Continuum entropies for fluids
David Montgomery, Dartmouth College David. C. Montgomery@dartvax.dartmouth.edu
This paper reviews efforts to define useful entropies for fluids and magnetofluids at the level of their continuous macroscopic fields, such as the fluid velocity or magnetic field, rather than at the molecular or kinetic theory level. Several years ago, a mean-field approximation was used to calculate a "most probable state" for an assembly of a large number of parallel interacting ideal line vortices. The result was a nonlinear partial differential equation for the "most probable" stream function, the so-called sinh-Poisson equation, which was then explored in a variety of mathematical contexts. Somewhat unexpectedly, this sinh-Poisson relation turned out much more recently to have quanitative predictive power for the long-time evolution of continuous, two-dimensional, Navier-Stokes turbulence at high Reynolds numbers . It has been our recent effort to define an entropy for non-ideal continuous fluids and magnetofluids that makes no reference to microscopic discrete structures or particles of any kind , and then to test its utility in numerical solutions of fluid and magnetofluid equations. This talk will review such efforts and suggest additional possible applications. The work is thought to be a direct but tardy extension of the ideas of Boltzmann and Gibbs from point-particle" statistical mechanics. See also W.H. Matthaeus et aI, Physica D51, 531 (1991) and references therein.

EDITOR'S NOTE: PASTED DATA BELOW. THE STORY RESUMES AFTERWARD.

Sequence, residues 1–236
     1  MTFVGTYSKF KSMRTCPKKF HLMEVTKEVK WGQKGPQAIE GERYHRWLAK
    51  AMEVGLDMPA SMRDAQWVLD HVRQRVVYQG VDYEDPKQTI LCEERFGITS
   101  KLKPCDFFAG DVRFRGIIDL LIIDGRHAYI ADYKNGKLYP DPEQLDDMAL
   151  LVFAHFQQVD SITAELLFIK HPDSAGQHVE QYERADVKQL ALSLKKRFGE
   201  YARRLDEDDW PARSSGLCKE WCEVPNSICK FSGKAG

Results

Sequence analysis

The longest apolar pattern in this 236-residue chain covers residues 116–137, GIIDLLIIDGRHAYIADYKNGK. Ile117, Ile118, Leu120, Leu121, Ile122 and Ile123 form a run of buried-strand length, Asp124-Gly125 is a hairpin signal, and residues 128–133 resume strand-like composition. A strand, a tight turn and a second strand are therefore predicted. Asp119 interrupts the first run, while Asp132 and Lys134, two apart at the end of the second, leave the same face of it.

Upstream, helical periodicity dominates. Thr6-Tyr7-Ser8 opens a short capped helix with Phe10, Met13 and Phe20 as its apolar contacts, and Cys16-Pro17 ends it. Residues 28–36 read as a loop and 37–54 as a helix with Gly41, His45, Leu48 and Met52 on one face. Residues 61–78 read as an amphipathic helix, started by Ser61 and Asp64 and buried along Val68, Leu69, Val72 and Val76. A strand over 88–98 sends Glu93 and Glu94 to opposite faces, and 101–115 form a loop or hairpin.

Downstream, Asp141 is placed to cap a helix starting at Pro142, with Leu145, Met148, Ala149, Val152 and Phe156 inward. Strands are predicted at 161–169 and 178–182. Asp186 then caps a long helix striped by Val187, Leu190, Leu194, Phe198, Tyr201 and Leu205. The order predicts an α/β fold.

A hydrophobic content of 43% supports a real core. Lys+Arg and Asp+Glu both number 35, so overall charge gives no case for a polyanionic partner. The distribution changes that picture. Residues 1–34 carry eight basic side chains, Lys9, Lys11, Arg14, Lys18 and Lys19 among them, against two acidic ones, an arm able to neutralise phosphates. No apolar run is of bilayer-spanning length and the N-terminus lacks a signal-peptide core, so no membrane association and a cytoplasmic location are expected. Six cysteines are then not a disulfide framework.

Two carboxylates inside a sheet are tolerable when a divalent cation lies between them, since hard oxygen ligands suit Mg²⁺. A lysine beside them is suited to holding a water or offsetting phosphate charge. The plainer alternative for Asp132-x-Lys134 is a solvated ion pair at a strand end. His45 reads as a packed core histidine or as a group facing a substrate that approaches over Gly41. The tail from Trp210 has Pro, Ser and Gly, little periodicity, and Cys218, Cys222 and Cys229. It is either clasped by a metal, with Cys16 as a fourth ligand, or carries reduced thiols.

Statistical mechanics and information theoretic tools for the study of formal neural networks
Jean-Pierre Nadal, ENS Paris firstname.lastname@example.org
Abstract not available, but see [14, 34, 57, 58, 59].
Shannon Information and Algorithmic and Stochastic Complexities
Jorma Rissanen, IBM Almaden email@example.com
This is an introduction to the formal measures of information or, synonymously, description complexity, introduced during the past 70 or so last years, beginning with Hartley. Although all of them are intimately related to ideas of coding theory, I introduce the fundamental Shannon information without it. I also discuss the central role stochastic complexity plays in modeling problems and the problem of inductive inference in general. For references, see [65, 66].
Information and the Fly's Eye
Dan Ruderman, University of Cambridge firstname.lastname@example.org
The design of compound eyes can be seen as a set of tradeoffs. The most basic of these was discussed by Feynman in his Lectures: smaller facets allow for finer sampling of the world but